The Southern Center for Human Rights


  • A federal judge has been asked to remove Fulton County and some of its cities from a lawsuit brought last October that accused the county and 10 cities of violating inmates' right to counsel.

    Stephen Bright, director of the Southern Center for Human Rights, asked U.S. Judge Clarence Cooper on Thursday to dismiss Fulton County, Atlanta, Roswell and Mountain Park from the lawsuit.

    Last year, the Supreme Court ruled that lawyers had to be provided in any case where a defendant faced the possibility of incarceration and not only when a felony is involved.

  • WETUMPKA - A copy of the U.S. Constitution hangs in one of the inmate dorms in Julia Tutwiler Prison for Women.

    The dorm's walls are painted a medicinal pink, thought to be soothing for the recovering addicts assigned to this particular dorm, which is funded by federal crime prevention money. Inmates are taught to be patriotic in the "crime bill" dorm.

  • MONTGOMERY: A medical consultant's audit of health-care services in Alabama prisons found "dangerous and extremely poor quality health care" at Limestone Correctional Facility at Capshaw.

    Reports from visits Oct. 1 and Nov. 8 by Chicago-based Jacqueline Moore and Associates said the death rate from AIDS at Limestone is more than twice the national average in prisons and that efforts to control infectious and communicable diseases at Limestone were not adequately monitored or reported. Most of the state's inmates with AIDS are confined at the north Alabama prison.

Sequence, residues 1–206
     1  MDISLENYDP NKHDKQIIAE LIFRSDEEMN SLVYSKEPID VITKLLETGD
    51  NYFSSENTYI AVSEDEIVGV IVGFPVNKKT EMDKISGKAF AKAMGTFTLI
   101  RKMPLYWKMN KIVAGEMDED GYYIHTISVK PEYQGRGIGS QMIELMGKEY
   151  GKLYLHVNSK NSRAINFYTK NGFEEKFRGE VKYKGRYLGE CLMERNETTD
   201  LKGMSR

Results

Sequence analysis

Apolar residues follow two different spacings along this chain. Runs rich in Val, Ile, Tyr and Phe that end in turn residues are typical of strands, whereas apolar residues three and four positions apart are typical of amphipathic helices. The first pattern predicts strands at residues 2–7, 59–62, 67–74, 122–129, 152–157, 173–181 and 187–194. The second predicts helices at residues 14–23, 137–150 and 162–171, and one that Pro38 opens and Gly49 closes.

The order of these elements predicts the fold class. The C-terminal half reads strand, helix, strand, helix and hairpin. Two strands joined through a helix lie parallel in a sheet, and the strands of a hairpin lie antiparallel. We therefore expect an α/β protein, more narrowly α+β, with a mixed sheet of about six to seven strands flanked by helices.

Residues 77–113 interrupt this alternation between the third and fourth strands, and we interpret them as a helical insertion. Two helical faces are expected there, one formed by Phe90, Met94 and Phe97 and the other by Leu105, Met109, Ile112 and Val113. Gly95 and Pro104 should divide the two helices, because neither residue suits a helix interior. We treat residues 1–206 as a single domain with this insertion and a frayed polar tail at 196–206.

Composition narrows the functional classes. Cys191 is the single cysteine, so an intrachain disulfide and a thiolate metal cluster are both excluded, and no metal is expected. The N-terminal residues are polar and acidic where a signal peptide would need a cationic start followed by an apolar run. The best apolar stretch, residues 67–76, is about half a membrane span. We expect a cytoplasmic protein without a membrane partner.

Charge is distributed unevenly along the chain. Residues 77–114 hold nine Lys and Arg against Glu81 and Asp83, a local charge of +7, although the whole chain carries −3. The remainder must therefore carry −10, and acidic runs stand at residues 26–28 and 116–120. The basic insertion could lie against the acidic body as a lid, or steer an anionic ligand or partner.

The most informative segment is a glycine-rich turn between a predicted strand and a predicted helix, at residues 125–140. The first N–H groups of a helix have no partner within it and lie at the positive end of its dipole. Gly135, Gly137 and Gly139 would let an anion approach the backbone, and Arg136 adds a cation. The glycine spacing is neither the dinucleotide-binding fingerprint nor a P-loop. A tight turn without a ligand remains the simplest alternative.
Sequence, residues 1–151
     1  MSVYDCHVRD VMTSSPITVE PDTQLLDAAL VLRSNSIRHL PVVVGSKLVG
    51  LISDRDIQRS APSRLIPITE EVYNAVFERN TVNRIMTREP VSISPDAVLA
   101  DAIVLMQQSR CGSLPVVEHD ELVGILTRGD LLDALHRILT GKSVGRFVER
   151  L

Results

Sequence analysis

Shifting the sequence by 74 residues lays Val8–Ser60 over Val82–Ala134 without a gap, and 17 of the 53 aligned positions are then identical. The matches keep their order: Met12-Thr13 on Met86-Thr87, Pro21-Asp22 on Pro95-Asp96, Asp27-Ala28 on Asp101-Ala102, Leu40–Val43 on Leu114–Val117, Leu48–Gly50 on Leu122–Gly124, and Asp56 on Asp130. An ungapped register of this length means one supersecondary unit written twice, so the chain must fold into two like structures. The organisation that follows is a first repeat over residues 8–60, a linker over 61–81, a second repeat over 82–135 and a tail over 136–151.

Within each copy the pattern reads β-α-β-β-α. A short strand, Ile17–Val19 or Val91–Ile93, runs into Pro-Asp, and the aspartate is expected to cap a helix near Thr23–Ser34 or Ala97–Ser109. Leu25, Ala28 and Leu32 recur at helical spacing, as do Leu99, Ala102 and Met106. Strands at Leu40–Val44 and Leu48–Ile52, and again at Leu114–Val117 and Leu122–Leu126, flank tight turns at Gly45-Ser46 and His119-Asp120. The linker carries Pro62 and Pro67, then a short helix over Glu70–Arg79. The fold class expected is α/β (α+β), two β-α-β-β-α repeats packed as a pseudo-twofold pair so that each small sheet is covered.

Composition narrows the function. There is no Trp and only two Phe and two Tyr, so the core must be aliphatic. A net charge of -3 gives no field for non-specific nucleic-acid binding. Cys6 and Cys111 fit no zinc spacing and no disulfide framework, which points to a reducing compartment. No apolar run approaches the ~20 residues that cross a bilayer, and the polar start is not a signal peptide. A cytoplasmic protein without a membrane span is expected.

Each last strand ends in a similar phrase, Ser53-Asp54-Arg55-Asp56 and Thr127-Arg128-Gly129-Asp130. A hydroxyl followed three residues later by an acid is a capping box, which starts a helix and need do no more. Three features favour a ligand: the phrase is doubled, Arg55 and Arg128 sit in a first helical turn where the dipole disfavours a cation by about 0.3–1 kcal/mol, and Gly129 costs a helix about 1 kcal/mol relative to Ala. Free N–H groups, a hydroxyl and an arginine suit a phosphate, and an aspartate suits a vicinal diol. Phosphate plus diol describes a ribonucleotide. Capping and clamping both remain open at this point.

• Health care claims latest woes in corrections calamity

    The allegations of poor medical care at Alabama's prisons for women make them sound more like concentration camps: Female inmates sometimes pull their own teeth, are denied cancer treatment, don't receive medicine for diabetes and psychiatric disorders, and live with untreated gynecological problems, according to new claims added to an ongoing federal lawsuit against the state.

  • State must deal with overburdened prison system

    It's understandable that Bob Riley would want to delay the adoption of any plan to ease overcrowding at the Tutwiler prison for women until after he takes office as governor next month. As his spokesman says, meeting the Dec. 30 court-imposed deadline would lock the incoming Riley administration to a plan hastily put together by the outgoing Siegelman administration.